He also asked for specific plans or suggestions on changing the relevant laws to recognise works of the women.
“Give us specific plans on how to bring unrecognised women into this. Give us specific proposals, we will discuss and consider it for implementation.”
Published in New Age
Women’s unpaid household work 76.8pc of GDP
The monetary value of the unpaid household work done by women was equivalent to 76.8 per cent of the gross domestic product of the country in the last financial year, according to a study conducted by the Centre for Policy Dialogue.
The survey also found that a female member aged 15 year and above spent three times more hours on an average – 12.1 – in unpaid activities on a typical day compared to their male counterpart.
The CPD conducted the study interviewing 8,320 female and 5,320 male individuals aged 15 years and above to estimate women’s contribution to the economy and the findings of the study were disclosed on Saturday at a dialogue in Dhaka.
According to the study, 75.19 per cent women who are not currently involved in paid work do not want to join paid work for reasons such as resistance from family, preference for family time, unavailability of alternate caregiver in the family and unavailability of suitable jobs.
The highest 60.4 per cent said their family did not like their engagement in paid jobs.
Those who want to engage in paid jobs prefer part-time ones, the study found.
At the programme organised by the CPD, in partnership with Manusher Jonno Foundation at the Amari Dhaka Hotel at Gulshan, economists, experts and women’s rights activists demanded the government should change the current estimation practice of unpaid activities so that women’s unaccounted activities are reflected in the GDP.
They also emphasised on increasing women’s participation in wage-based formal job sectors and changing mindset to female participation in jobs.
They said that contribution of women’s unpaid work remained unaccounted due to non-recognition of such work under the current system of national accounting.
‘Based on replacement cost method, in which the wages paid for similar types of work are considered, the estimated value of women’s unpaid work was equivalent to 76.8 per cent of the GDP of the fiscal year of 2013-2014,’ CPD research director Fahmida Khatun said while presenting the findings.
Based on the willingness to accept method, in which how much the household is ready to pay for the work is considered, the estimated value of women’s unpaid work was equivalent to 87.2 per cent of the GDP of the FY 2013-2014, she said.
According to the Bangladesh Bureau of Statistics, the size of Bangladesh GDP in the FY 2013-2014 was Tk 13,50,920 crore at the current market price.
Planning minister AHM Mustafa Kamal said women were neglected in society as their contribution to the economy remained unaccounted.
The government will work for the inclusion of women’s unpaid activities in calculating GDP, in line with the international agencies and development partners, he said.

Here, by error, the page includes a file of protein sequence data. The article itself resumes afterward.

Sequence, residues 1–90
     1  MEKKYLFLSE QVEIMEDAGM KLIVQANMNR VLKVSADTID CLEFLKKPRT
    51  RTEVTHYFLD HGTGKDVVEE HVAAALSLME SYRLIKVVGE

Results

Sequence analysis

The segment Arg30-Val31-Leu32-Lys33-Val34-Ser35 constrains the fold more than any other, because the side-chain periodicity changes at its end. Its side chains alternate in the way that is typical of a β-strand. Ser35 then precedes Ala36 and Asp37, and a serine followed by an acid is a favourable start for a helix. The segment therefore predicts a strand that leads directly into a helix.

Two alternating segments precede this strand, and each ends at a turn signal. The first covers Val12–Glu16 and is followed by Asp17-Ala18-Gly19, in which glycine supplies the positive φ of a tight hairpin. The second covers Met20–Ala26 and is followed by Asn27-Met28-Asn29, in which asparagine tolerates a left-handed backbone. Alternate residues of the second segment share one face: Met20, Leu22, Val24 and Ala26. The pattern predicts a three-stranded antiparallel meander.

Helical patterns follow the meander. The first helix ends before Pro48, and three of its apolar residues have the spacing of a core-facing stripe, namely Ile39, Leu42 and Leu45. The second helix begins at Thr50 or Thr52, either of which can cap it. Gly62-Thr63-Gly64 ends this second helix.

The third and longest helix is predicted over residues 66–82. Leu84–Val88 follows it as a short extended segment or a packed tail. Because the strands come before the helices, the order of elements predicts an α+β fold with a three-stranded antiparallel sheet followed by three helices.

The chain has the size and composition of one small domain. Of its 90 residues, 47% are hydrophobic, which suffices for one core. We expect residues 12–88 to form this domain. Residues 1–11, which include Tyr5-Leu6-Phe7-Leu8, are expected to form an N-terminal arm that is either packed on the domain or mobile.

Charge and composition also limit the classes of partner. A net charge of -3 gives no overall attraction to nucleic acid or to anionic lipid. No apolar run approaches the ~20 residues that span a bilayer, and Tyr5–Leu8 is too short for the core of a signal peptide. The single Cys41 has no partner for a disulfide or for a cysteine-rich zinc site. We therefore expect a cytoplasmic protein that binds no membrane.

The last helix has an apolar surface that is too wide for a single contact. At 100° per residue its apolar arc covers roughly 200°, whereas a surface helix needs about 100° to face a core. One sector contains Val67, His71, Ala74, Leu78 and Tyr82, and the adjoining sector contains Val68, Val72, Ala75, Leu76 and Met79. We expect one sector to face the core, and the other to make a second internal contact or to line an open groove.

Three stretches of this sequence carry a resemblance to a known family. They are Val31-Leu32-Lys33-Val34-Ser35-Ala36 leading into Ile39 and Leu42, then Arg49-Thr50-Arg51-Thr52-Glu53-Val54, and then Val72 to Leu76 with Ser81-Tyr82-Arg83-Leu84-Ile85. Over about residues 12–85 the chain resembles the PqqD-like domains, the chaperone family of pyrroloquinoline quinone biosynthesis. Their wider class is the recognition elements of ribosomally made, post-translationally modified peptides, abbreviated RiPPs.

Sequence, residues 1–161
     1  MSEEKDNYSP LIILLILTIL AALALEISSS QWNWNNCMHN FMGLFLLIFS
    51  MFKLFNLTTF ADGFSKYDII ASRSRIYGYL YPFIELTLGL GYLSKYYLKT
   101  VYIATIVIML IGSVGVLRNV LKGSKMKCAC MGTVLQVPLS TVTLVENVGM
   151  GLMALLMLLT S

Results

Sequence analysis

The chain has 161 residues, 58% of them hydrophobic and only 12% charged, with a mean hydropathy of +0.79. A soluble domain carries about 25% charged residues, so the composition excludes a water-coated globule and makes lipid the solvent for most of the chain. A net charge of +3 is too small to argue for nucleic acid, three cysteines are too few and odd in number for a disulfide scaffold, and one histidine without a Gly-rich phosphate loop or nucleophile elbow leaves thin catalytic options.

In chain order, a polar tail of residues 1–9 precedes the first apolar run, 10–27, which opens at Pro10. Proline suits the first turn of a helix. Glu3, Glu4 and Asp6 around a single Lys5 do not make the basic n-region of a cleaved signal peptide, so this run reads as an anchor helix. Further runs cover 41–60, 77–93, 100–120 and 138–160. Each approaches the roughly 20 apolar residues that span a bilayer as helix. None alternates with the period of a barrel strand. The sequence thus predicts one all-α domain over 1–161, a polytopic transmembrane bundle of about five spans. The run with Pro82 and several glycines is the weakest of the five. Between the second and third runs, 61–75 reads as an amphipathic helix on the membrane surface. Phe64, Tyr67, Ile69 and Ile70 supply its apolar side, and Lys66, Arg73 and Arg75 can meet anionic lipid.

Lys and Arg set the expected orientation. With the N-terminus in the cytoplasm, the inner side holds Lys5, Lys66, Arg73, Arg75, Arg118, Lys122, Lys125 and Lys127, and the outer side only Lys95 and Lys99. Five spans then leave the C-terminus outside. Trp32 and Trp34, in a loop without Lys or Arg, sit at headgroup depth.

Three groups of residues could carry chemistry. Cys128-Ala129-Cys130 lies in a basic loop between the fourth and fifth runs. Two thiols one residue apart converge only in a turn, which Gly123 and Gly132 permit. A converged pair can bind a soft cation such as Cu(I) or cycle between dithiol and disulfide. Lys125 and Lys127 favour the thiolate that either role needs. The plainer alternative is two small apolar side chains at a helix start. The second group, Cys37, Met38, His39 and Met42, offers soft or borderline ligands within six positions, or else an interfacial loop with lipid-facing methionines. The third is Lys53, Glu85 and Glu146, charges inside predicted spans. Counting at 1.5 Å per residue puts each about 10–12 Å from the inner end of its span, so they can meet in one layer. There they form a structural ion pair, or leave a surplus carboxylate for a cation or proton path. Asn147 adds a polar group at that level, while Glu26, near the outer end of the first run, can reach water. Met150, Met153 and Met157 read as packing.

CPD distinguished fellow Debapriya Bhattacharya said the government should remove impediments to involving women in paid activities in formal sectors.
‘We also need to change our mindset in not allowing women in paid jobs,’ he said.
Former caretaker government adviser AB Mirza Azizul Islam said that the government should increase facilities, including implementation of maternity leave in the private sector, and ending sexual harassment in workplace, to attract women in paid jobs.
Bangladesh Institute of Development Studies director general Mustafa K Mujeri said that unpaid activities by women were not recognised in any policy of the government.
Human rights activist Salma Khan said that women were not engaging themselves in paid and challenging jobs because of sexual harassment, sense of insecurity and wage discrimination.
A female person of a household undertakes on an average 12.1 hours of unpaid activities while a male performs only 2.7 hours of activities.
A female spends on an average 7.7 hours in a day on unpaid jobs while a male spends only 2.5 hours on the same activities, the report said.
CPD executive director Mustafizur Rahman, Dhaka University economics department teacher Sayema H Bidisha, MJF executive director Shaheen Anam, Bangladesh Mahila Parishad president Ayesha Khanam, BUILD chief executive officer Ferdous Ara, women rights activists Hameeda Hossain, Rokeya Kabir, Maleka Begum, World Bank lead economist Salman Zaidi also spoke at the programme.
Published in The Financial Express
Women’s unpaid work far more than paid services
The value of women’s unpaid work is about three times more than their income from paid services, although they spend three times more time in household work compared to men, a study has revealed.
The study shows that on the basis of the replacement cost method (shadow wage for similar work), the estimated value of women’s unpaid household work was equivalent to about 77 per cent of the GDP (gross domestic product) of the fiscal year (FY) 2013-14.
On the other hand, according to the ‘willingness to accept’ method (outside their own households), the corresponding estimation was equivalent to 87 per cent of GDP.
It also shows that 60.4 per cent women still do not want to be involved in paid work as their families do not like and about 60 per cent women cited preference to give time to family as the other reason.